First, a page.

Cars 
17
comments

PSA: Double Check Wal-Mart Oil Changes

Email  Print Print  

Regular oil changes, as defined by your owner’s manual, is one of the best ways to lengthen the life of your car and the efficiency of its engine. Don’t skip oil changes to save a few dollars, the thousands of miles you’ll add to the engine’s life will dwarf the cost. That being said, there really isn’t much difference in the product and service offered at a discount oil change place and your dealership, despite what your dealership may say! This PSA is anyone who uses discount oil change services like Wal-Mart or Jiffy Lube. After you get your $15-$20 oil change, double check their work before you leave or you might be in for a nasty surprise.

Wal-Mart Whoops!

A while back my wife took her 2004 Honda Civic to the local Wal-Mart for their famously economical oil change. With a price under twenty bucks for conventional oil, you couldn’t beat it. After the oil change, she drove home and it wasn’t until she left for work the next day did we see an oil stain in her parking spot. When we popped opened the hood, we saw the oil cap sitting on the engine. I should’ve taken a picture because my wife’s daily commute is about 40 minutes and it’s a miracle the cap was still sitting on top of the engine (it may have been wedged by the hood, we didn’t check but there wasn’t a dent).

Everything under the hood was covered in oil spray and she lost about a quart of oil. We couldn’t believe they forgot to put the oil cap back on (then we realized the technicians are probably pressured to do things as quickly as possible, so it’s not that surprising that they miss something once and a while).

Check Their Work…

So, the next time you get an oil change at those discount places, do a perfunctory check that everything is in order. Check that the oil cap is on (I know it sounds ridiculous but it happened to us), check the ground when you pull out for signs of oil leaks, check your oil level via the dipstick, and check the service work report for inconsistencies. You won’t be able to detect detect outright fraud but you can ensure there isn’t any carelessness.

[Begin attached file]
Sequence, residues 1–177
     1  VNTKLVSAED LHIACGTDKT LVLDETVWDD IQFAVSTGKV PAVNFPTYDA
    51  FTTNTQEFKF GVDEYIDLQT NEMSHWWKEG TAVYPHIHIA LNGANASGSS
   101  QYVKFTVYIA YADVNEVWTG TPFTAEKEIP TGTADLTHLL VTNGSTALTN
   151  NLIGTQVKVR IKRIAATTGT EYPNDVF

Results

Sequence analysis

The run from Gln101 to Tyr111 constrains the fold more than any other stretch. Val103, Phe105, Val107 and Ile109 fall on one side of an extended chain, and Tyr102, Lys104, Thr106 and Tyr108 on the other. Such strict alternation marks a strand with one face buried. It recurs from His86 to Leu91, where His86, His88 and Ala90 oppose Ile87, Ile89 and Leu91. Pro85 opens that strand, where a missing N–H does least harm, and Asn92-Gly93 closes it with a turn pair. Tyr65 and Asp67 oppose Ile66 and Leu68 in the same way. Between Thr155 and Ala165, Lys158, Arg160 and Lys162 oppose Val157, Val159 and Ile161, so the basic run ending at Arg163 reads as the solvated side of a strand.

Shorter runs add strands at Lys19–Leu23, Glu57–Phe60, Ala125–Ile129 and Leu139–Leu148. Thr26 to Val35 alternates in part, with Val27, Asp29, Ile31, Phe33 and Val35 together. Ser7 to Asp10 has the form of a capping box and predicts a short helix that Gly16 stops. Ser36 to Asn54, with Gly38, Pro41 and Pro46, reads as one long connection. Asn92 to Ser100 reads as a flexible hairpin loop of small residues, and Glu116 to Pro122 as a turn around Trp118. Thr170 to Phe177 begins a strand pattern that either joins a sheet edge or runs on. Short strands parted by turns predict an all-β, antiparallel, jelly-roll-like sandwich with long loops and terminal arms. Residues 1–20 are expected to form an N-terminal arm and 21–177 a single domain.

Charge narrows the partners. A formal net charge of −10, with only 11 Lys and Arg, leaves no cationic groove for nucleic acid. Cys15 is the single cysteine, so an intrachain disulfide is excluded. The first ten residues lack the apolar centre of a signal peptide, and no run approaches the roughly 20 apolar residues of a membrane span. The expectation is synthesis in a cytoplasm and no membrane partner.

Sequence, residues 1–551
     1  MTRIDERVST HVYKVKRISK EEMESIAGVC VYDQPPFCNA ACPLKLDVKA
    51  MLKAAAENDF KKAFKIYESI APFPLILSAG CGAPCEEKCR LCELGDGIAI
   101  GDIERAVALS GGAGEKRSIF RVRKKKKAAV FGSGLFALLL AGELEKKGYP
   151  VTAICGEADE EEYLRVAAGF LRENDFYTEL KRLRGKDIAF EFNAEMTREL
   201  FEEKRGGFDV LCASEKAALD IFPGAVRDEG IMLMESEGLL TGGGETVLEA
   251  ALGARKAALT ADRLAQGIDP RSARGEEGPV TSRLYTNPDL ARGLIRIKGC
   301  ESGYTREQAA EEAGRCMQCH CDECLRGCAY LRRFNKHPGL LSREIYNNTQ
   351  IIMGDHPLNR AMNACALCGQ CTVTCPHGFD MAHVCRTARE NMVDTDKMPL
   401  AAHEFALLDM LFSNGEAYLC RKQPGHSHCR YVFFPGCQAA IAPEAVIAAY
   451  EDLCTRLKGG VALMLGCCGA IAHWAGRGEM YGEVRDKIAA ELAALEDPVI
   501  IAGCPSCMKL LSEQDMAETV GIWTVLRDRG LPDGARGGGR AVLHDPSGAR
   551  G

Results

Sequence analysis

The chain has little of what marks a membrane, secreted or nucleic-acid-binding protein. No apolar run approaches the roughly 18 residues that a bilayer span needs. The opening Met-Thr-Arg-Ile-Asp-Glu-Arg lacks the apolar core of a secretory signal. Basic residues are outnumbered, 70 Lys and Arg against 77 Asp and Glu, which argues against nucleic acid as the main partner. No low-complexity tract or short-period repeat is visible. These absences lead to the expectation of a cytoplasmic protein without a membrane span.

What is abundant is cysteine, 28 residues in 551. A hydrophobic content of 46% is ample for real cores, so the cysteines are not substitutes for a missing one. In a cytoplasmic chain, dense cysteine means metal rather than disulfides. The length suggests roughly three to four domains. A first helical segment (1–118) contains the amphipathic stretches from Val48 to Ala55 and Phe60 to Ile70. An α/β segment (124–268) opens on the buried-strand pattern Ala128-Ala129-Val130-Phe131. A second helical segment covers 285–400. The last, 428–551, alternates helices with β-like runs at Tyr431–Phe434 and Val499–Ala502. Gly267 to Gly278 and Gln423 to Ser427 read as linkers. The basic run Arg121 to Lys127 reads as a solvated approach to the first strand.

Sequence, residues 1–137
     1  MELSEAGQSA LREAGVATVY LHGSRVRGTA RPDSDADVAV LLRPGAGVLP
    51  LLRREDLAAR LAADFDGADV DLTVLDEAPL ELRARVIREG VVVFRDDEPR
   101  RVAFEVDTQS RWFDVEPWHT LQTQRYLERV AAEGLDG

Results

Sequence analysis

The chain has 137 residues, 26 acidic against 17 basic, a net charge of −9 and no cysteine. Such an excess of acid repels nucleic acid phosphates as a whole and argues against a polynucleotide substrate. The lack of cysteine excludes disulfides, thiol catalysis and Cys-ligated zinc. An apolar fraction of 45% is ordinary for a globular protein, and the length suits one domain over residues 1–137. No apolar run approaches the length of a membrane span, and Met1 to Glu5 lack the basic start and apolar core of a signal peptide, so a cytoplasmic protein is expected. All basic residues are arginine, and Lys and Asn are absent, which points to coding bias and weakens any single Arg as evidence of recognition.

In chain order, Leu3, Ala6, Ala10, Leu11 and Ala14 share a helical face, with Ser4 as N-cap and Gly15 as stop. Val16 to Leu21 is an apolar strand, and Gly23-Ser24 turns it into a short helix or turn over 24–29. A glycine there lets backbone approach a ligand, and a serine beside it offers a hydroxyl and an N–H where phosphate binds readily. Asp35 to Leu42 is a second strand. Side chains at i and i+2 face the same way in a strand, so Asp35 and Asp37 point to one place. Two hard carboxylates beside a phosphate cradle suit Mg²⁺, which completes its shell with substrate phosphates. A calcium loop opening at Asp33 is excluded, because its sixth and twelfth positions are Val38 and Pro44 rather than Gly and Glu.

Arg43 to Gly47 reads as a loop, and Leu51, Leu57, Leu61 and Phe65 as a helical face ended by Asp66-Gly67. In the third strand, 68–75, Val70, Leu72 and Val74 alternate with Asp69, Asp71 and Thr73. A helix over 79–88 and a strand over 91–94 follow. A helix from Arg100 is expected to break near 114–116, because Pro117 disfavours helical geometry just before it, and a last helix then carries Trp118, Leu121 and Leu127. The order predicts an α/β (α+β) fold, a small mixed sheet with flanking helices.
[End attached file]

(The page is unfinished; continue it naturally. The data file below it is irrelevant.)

… Or Do It Yourself

I change the oil in my own car because I prefer to use synthetic oil (mostly because you change it less frequently, but there are other benefits). You can get synthetic oil changes at the discount places but the price magically jumps up to $50-60 for the base oil change, a price point that makes it more economical to change it yourself. I also drive a car that offers very easy access to the filter (the filter was impossible to reach in my last car, an Acura Integra) so changing the oil is straightforward. The only downside is the mess, but you do get the satisfaction of doing it yourself.

But, if I forget to put on the oil cap or tighten the oil filter… I have no one to blame. :)

{ 17 comments, please add your thoughts now! }

Related Posts


RSS Subscribe Like this article? Get all the latest articles sent to your email for free every day. Enter your email address and click "Subscribe." Your email will only be used for this daily subscription and you can unsubscribe anytime.

17 Responses to “PSA: Double Check Wal-Mart Oil Changes”

  1. Patrick says:

    A similar event happened to a friend of mine at a discount oil change location a few years back. The only difference is that they put the cap back on, but forgot to put in new oil. He didn’t find out until the next day when his car began running inefficiently. Needless to say, he was more than a little upset. There was no permanent damage (the company paid to have his vehicle inspected and offered to cover the cost of any damages). They also gave him coupons for free oil changes for the life of the vehicle, but he never went back there again. I can’t say I blame him.

  2. We change our own oil too and use synthetic, but every few changes we take it in to an auto shop just so they can make sure we haven’t done any serious damage and to top off our other fluids. It saves us money and gives us peace of mind.

  3. staci says:

    The same exact thing happened to my mom at Walmart. We haven’t brought our cars to Walmart since.

  4. Becky says:

    Yup: Jiffy Lube didn’t replace the cap on my friend’s car and the scene in his garage the next day was much like yours.

  5. Rick Morley says:

    I have read that you should always replace your own oil if at all possible. The reason is that the used oil takes awhile to fully drain out of its tank. When the “Jiffy” places do it in just 10-15 minutes, that does not allow enough time to let all the used oil drain out. They then put the new oil in. But because the used oil is not completely drained out, it mixes in with the new oil. And you’re left with brand new oil that isn’t actually clean.

    If you change it yourself, allow 2 hours for all the old oil to drain out. Your oil changes should last a bit longer this way.

    • Anonymous says:

      total bs….If your car is up to operating temp that oil is very hot and the vast majority is drained out rather quickly. you will never get it all out but the little bit that is left is so minor that it is not going to harm anything. The oil getting dirty is due to the combustion process.

  6. Kevin says:

    Jiffy Lube broke a bolt holding one of my belt pulleys, thus causing the belt to loosen and make a horrific squealing noise. I took it to the Jeep dealership and they told me exactly how it happened. I promptly went back to Jiffy Lube to demand reimbursement for the $200 I spent at the dealer, but the best they did was refund my oil change cost. Needless to say I haven’t returned. One of my goals for this year is to change the oil in my car myself. Anyone have a good website or free guide on how to do so? I have a Jeep Cherokee if that helps. Thanks.